Chinese asylum seekers make up the fastest growing group crossing into US from Mexico

file photo: a group of central american migrants is questioned about their children's health after surrendering to u.s. border patrol agents south of the u.s. mexico border fence in el paso

file photo: a group of central american migrants is questioned about their children’s health after surrendering to u.s. border patrol agents south of the u.s. mexico border fence in el paso

In 2023, US Customs and Border Protection reported a staggering 2.5 million instances of detaining or turning away migrants seeking to enter the US from Mexico at the southern border. It’s right to call the numbers as unprecedented.

But it’s shocking to find Chinese migrants as the fastest growing group among them. For years, millions of Chinese used to enter the US with a visa that allowed them to work, study or visit. But in the last few years, those visas have been increasingly difficult to secure due to tensions.

The US granted 2.2 million temporary visas to Chinese nationals in 2016. But the numbers fell to 160,000 in 2022. Journalist Sharyn Alfonsi recently reported on a gap at the end of a border fence 60 miles east of San Diego. She is a correspondent for 60 Minutes on CBS News.

Escaping a repressive political climate and sluggish economy

The illegal entryway has become the new route for migrants seeking to enter the US for a new life. Alfonsi spoke to a college graduate, who said his trip from China had taken 40 days. He travelled through numerous countries, hoping to find work in Los Angeles.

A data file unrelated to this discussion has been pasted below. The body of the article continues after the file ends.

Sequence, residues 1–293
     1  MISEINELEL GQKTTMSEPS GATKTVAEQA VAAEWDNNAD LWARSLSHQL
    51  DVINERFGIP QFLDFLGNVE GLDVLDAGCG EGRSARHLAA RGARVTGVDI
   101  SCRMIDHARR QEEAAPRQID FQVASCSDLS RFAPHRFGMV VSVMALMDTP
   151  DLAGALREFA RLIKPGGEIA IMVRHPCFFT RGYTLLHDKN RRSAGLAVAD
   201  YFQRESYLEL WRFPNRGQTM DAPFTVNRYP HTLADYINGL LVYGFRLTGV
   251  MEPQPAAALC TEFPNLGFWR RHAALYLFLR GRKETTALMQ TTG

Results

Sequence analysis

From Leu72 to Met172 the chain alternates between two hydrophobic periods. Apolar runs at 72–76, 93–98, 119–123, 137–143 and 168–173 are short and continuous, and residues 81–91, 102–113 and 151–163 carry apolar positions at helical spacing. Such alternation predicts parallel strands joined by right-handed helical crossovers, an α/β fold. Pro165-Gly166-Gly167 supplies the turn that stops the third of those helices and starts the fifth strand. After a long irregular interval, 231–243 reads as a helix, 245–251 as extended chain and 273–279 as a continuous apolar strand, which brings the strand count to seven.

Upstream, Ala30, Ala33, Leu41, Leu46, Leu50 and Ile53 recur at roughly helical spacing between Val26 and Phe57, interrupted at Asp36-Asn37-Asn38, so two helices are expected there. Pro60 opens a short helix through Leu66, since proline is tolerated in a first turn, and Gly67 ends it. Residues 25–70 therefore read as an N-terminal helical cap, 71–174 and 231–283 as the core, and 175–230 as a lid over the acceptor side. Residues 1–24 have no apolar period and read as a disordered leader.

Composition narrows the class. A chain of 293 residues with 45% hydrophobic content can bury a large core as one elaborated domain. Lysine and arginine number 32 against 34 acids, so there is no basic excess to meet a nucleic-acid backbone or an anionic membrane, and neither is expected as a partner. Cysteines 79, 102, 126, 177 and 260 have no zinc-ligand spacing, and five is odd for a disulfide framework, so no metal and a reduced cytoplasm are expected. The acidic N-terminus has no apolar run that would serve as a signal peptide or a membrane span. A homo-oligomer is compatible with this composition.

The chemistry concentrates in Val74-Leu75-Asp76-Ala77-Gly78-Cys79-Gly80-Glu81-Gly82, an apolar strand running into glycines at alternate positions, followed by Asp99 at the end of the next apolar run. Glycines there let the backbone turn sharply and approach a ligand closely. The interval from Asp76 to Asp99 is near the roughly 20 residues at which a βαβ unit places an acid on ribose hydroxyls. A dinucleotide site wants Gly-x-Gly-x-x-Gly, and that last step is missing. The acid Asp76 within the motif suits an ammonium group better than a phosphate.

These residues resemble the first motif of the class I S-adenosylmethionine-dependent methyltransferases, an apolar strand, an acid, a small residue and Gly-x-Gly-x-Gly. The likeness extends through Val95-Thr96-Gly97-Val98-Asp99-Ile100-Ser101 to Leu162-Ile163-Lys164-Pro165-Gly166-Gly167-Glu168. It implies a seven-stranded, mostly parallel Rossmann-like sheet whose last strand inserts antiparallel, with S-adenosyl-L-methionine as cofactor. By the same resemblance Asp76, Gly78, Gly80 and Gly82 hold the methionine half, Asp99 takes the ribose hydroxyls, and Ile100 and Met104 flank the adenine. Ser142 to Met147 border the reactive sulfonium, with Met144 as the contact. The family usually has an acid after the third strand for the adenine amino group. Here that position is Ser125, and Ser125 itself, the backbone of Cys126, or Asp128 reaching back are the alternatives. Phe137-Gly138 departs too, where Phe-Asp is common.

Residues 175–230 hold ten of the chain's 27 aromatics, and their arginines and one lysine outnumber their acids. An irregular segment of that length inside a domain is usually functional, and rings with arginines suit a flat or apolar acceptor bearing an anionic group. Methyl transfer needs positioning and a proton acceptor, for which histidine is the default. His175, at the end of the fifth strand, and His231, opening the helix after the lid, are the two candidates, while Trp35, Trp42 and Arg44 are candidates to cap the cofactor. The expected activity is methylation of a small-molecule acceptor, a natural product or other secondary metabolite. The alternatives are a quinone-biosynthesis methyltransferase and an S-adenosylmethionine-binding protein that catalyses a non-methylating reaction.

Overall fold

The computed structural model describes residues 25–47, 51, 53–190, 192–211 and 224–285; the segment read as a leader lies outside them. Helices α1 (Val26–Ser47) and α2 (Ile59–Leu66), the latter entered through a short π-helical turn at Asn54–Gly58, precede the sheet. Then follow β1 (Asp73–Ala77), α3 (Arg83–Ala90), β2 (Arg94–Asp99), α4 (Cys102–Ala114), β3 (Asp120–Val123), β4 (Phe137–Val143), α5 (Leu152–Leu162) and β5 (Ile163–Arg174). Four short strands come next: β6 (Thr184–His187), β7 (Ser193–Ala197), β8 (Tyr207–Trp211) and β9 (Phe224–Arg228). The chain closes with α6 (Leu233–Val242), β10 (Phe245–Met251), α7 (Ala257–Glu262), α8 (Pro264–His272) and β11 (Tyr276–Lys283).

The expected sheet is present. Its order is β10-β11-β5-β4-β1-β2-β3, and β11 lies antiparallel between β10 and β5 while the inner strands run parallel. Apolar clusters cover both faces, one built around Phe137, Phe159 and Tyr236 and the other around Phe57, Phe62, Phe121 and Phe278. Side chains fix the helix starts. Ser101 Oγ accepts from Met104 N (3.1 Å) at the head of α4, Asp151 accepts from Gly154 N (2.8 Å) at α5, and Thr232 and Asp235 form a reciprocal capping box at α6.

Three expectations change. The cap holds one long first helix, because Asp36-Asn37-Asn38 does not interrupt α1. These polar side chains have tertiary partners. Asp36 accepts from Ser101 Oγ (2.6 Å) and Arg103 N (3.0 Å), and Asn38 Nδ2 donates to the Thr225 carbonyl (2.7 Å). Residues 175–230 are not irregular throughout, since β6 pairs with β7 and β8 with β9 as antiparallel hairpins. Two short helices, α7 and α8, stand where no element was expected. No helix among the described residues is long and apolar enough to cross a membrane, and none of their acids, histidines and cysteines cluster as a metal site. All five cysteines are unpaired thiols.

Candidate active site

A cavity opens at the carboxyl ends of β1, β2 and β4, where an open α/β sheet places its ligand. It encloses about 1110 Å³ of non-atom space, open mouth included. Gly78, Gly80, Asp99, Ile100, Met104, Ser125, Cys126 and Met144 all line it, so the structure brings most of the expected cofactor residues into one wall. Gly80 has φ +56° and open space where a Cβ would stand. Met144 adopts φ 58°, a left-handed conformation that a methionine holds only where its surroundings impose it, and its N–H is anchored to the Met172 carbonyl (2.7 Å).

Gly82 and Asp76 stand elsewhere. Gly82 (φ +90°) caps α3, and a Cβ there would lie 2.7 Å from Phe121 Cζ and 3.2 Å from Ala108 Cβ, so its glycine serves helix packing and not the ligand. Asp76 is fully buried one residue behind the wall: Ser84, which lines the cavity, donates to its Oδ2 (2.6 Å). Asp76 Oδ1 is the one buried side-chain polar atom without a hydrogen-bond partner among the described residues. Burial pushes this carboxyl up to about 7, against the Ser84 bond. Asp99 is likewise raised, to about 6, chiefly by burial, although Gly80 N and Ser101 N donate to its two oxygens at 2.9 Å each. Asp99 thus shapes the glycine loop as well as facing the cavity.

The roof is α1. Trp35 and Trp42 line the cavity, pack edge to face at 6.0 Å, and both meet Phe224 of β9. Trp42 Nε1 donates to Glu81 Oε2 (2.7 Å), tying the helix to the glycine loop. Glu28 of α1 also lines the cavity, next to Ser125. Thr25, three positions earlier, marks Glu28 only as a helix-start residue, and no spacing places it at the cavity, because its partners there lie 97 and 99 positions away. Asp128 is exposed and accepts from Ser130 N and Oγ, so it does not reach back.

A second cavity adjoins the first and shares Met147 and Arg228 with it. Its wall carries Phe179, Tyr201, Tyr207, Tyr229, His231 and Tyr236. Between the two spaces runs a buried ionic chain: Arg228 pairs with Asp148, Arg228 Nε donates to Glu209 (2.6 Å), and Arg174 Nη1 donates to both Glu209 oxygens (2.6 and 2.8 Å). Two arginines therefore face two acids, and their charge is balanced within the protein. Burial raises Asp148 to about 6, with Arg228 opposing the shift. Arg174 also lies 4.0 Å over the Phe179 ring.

Thirty minutes later, a smuggler’s SUV dropped another group at the same spot, and half-an-hour later, another group, the journalist noted. Over four days, hundreds of migrants of different nationalities passed through the hole and into the US, unchecked, she noted.

Last year, US authorities reported 37,000 Chinese citizens were apprehended entering illegally from Mexico – 50 times more than a couple of years earlier. Many of the migrants said they sought to escape China’s repressive political climate and sluggish economy.

How did the gap go viral among Chinese migrants?

How did all these migrants know about the particular entryway into California? TikTok is the answer, shockingly. Posts on the social media platform carry step-by-step instructions for hiring smugglers and detailed directions to the hole, reported CBS News.

The migrants entering legally were eventually driven to a detention facility near San Diego. Background checks and interviews followed. Typically within 72 hours, people get released into the US and can begin the process of filing an asylum claim.

Does China take back its people not granted asylum?

Alfonsi spoke to Jacqueline Arellano, who has volunteered on the border for eight years offering humanitarian aid to migrants. She answered the journalist’s question: “These people want to be picked up by border patrol. Why isn’t this happening at a port of entry?”

Arellano highlighted that there are barriers to people being able to seek asylum at a port of entry, despite the process being much safer and more efficient. One such barrier is “CBP One”, an app that allows people to make an appointment to enter the US through a legal route.

The system is “glitchy” and there is reportedly a months-long waiting time to secure an appointment at a border crossing. The next question: If someone is not granted asylum, does China take them back? Read on for the answer.

Based on the team of journalists’ review of official data, there are at least 36,000 Chinese nationals who have been ordered by US courts to leave the country. But China is notorious for not taking back its people and the US can’t force Beijing to accept them.

About Wiz Writer

Wiz writer is a regular contributor to the workers' rights. Blogger, writer, strategist, and Passionate about making a dent in the digital universe.

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